I guess that it really is true that models have replaced reality. I used to think that this was a bit hyperbolic, that climate scientists must know the difference on some level, even if it doesn’t always seem that way. But they really think models are proof, as good or better than real world data and evidence. Mind boggling.

  3. Stan from Sugar Land says:

    3 items:
    1) In my profession I have frequently built and used mathematical models to represent complex physical processes. The answer is always related to the assumptions made and thus has to be questioned. In my world I have to make investment decisions, frequently involving $10-$100s million, in this case the assumptions get questioned very closely and the sensitivities are well understood and guess what – we still make major mistakes and lose $. Oh, that climate modelers had the same experience!
    2) In explaining math models I try to use the simplest, most common one that every one should be familiar with – compound interest, only requires the assumption of 2 parameters, just think of the possible errors and incorrect answers.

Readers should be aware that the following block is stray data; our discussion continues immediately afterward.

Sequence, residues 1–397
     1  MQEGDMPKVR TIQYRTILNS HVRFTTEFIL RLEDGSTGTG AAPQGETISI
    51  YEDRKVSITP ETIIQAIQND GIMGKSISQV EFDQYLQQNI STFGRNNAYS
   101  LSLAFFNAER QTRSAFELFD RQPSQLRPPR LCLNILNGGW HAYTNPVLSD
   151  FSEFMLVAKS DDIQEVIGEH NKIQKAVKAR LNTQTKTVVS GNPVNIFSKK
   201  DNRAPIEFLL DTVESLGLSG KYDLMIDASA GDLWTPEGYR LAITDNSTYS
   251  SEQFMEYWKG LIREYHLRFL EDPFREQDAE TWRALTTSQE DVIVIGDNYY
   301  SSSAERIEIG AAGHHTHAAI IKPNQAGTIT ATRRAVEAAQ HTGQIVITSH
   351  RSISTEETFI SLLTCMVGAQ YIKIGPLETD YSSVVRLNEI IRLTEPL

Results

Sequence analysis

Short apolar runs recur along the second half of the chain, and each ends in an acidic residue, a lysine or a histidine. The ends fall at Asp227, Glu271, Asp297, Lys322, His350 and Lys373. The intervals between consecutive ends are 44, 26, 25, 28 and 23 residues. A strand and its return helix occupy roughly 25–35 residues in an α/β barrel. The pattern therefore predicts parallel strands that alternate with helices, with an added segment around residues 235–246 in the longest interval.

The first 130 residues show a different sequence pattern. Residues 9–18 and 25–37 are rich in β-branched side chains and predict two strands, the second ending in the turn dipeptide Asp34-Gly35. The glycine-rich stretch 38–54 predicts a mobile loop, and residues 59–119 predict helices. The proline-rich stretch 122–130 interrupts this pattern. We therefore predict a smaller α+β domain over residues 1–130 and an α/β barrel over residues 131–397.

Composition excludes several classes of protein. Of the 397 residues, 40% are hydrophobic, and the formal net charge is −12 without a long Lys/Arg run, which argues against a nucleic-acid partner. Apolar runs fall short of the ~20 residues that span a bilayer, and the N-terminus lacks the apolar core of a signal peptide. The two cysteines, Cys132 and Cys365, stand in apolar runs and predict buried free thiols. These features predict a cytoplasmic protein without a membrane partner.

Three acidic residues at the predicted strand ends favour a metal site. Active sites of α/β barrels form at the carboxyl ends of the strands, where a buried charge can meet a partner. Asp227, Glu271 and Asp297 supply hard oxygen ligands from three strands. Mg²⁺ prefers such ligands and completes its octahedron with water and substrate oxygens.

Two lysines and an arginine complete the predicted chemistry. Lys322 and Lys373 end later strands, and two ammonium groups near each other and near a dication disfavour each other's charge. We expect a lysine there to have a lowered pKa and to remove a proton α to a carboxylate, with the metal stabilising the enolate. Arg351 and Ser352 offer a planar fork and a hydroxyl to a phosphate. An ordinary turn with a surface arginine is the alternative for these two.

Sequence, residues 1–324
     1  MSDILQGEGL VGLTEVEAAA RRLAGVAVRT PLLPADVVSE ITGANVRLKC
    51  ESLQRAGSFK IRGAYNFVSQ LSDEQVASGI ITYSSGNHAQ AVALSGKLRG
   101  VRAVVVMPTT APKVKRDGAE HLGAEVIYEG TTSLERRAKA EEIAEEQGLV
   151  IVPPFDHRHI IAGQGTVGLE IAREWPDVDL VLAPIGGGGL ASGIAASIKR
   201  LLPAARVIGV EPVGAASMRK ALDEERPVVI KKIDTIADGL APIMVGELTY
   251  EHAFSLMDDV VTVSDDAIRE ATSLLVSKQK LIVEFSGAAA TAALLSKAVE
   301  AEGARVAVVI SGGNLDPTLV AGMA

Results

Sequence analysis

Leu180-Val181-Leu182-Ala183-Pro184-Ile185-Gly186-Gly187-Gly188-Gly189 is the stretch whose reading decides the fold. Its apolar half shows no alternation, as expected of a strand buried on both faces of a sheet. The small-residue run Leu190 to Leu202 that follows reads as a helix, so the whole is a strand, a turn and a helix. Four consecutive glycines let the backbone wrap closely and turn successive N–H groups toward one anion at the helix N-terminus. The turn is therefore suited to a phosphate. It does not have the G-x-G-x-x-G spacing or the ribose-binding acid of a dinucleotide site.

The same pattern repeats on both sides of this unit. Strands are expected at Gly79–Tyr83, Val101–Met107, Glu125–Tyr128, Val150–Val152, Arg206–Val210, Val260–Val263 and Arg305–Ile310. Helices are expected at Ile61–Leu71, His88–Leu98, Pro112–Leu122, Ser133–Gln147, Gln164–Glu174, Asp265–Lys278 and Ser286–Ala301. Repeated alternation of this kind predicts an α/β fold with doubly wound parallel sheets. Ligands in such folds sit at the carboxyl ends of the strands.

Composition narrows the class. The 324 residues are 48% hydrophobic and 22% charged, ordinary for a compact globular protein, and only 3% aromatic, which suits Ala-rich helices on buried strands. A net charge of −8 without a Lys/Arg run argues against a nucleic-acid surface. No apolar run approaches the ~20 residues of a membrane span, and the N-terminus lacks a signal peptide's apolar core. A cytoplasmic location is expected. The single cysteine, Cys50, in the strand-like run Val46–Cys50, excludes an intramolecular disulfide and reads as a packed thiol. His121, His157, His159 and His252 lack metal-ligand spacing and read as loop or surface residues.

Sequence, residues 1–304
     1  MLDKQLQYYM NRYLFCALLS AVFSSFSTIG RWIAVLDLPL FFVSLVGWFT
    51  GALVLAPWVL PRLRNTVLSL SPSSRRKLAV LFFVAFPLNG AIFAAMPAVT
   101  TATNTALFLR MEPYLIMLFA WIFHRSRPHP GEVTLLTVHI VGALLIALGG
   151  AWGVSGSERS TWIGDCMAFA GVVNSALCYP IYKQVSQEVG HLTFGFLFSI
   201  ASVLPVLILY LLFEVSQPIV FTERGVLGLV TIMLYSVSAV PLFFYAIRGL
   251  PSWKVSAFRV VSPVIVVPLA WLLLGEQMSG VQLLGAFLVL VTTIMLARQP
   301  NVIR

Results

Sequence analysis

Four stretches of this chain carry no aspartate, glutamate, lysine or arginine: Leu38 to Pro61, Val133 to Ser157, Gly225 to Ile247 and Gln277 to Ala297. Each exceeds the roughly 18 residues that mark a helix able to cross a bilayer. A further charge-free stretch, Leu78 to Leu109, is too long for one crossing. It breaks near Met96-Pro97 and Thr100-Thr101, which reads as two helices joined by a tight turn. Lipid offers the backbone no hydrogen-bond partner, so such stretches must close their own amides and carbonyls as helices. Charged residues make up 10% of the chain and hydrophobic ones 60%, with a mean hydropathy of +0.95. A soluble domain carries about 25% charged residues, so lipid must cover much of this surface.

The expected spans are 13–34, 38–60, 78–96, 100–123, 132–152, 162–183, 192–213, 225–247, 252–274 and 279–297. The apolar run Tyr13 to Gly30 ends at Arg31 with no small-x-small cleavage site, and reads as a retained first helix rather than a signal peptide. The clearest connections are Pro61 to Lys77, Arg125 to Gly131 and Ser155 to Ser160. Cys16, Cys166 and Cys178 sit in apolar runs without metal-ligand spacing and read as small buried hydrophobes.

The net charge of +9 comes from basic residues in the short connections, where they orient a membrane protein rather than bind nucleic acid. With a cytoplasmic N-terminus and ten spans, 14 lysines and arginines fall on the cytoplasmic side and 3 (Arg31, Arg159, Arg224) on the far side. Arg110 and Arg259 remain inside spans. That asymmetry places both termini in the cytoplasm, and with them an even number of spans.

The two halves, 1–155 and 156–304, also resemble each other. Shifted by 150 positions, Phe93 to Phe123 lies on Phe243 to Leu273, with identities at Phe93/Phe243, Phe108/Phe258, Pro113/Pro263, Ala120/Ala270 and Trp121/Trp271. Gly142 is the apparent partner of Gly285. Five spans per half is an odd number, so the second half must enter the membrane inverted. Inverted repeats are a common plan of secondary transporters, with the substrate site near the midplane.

3)The problem most engineers and scientist make is because we are comfortable with an equation we think everyone is – that provides lots of wiggle room for the less than ethical.

  4. Claude Culross says:

    Dr. Spencer – I can’t add to the clear way you’ve laid out your reservations, but I still can’t help wondering what would happen in the mirror GCM run, that is, take out all the water vapor and leave in all the other GHGs. I shudder as I write these words, since both scenarios are so removed from reality. “All other things being equal” simply doesn’t happen in nature.

  5. John Waggott says:

    I have a fair understanding of much of the physics and chemistry involved in the transfer of energy to, from and through the atmosphere. But confess that I have not studied these Climate Models in any detail.

    I have a persistent question that does not seem to be clearly answered in these discussions:

    A coal fired power plant puts out about 1 kg of CO2 for each kWh of electrical output. It also puts out about 2 kg of water vapor from its cooling system. A Nuclear Plant puts out approximately 50% water vapor for each kWh.